That’s my story…My name is Samuel Kuria, a proud graduate of St. Aloysius Gonzaga high school in Nairobi. I joined St. Al’s in 2012 after leaving the Children’s Home.  I clearly remember that day I left the Children’s Home for my elder brother’s place in Muranga some fifty miles from Nairobi. There were so many things that I did not actually know, including where the bus stage was and from what point I was to take it. Luckily, I got some good Samaritans on the way who helped me.  I finally got home to my brother and he was very happy to see me even though I had decided that I was not going to stay there. I did not know what to do but I was sure that I was going back to Nairobi.  I went back and waited for my uncle who lived in Nairobi at the only place I knew, the Children’s Home. Unfortunately, he did not show up and I had to be accommodated within the institution again but only for the night. The following morning, I was awakened early before sunrise and was tossed out of the compound. I did not know what to do next. Everything seemed so empty!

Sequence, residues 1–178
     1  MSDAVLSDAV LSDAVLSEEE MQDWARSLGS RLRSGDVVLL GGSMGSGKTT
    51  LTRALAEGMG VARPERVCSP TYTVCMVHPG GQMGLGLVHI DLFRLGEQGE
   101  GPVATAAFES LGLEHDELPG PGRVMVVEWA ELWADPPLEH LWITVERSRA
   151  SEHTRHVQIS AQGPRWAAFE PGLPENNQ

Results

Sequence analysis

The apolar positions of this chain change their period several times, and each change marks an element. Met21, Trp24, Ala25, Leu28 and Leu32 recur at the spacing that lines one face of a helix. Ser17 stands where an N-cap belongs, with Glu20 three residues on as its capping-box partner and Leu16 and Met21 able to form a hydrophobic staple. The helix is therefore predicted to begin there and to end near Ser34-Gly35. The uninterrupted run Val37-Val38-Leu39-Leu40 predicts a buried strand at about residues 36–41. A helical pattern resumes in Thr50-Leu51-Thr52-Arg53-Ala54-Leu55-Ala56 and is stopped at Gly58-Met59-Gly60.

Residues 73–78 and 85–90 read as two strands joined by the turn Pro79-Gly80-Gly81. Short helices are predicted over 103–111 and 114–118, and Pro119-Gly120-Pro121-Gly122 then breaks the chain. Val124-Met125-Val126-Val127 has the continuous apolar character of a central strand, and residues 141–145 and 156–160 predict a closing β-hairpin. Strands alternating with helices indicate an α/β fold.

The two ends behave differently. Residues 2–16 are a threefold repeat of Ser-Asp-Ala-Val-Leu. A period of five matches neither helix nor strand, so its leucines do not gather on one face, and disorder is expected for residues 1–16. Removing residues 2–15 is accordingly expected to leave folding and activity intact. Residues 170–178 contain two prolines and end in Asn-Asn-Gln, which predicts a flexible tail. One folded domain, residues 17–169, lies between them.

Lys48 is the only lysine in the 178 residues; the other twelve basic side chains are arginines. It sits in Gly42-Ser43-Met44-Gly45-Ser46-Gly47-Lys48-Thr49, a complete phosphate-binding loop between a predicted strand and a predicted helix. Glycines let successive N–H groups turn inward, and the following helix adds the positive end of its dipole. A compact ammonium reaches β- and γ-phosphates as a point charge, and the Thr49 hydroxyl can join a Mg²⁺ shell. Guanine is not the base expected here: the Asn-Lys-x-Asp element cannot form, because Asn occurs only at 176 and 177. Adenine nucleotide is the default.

I had heard and even interacted with students from St. Al’s when at one time they joined us for a football and volleyball match. It is then that I learned about how the school was taking students in and offering them scholarships to study. By this time, I had done my Form One (first year) and abandoning my education to stay upcountry with my brother picking tea in people’s farms and doing casual jobs would render my life meaningless. That morning, being a Saturday, I went to St. Al’s but I was not able to speak with the Principal because the office was closed for the weekend. I was however lucky enough to find somebody I knew who could house me, a friend whom we had been in the same Children’s Home for a while. Come Monday the following week, the new Form One students who had been selected for the scholarship were now being enrolled in school. I recall, coming back the following day by 8 o’clock.  At this point, I was determined to do anything possible to earn the scholarship even though some doubts still lingered inside me. Being a busy day in the school, I did not see the Principal until around 2 o’clock in the afternoon when she was kind enough to call me. I explained to her why I wanted to see her, and one of the reasons was that I did not know what would follow if I could never go back to school. I also made it clear to her that education was the only thing that would change my life and guarantee me a future. I just had to begin with only one step, just one, and my life would be better.  Although it was difficult getting some of my documents from the former Children’s Home, the headmistress was kind and understanding. The next morning, I remember being given a letter to take to the social worker where I was given school uniforms, books and a pen so I could begin classes because I did not have one. It is at this moment that I began my journey, back in Form One again, young and as curious as I had been. It was during the first days in St. Al’s that I began gaining confidence to be able to stand up for myself.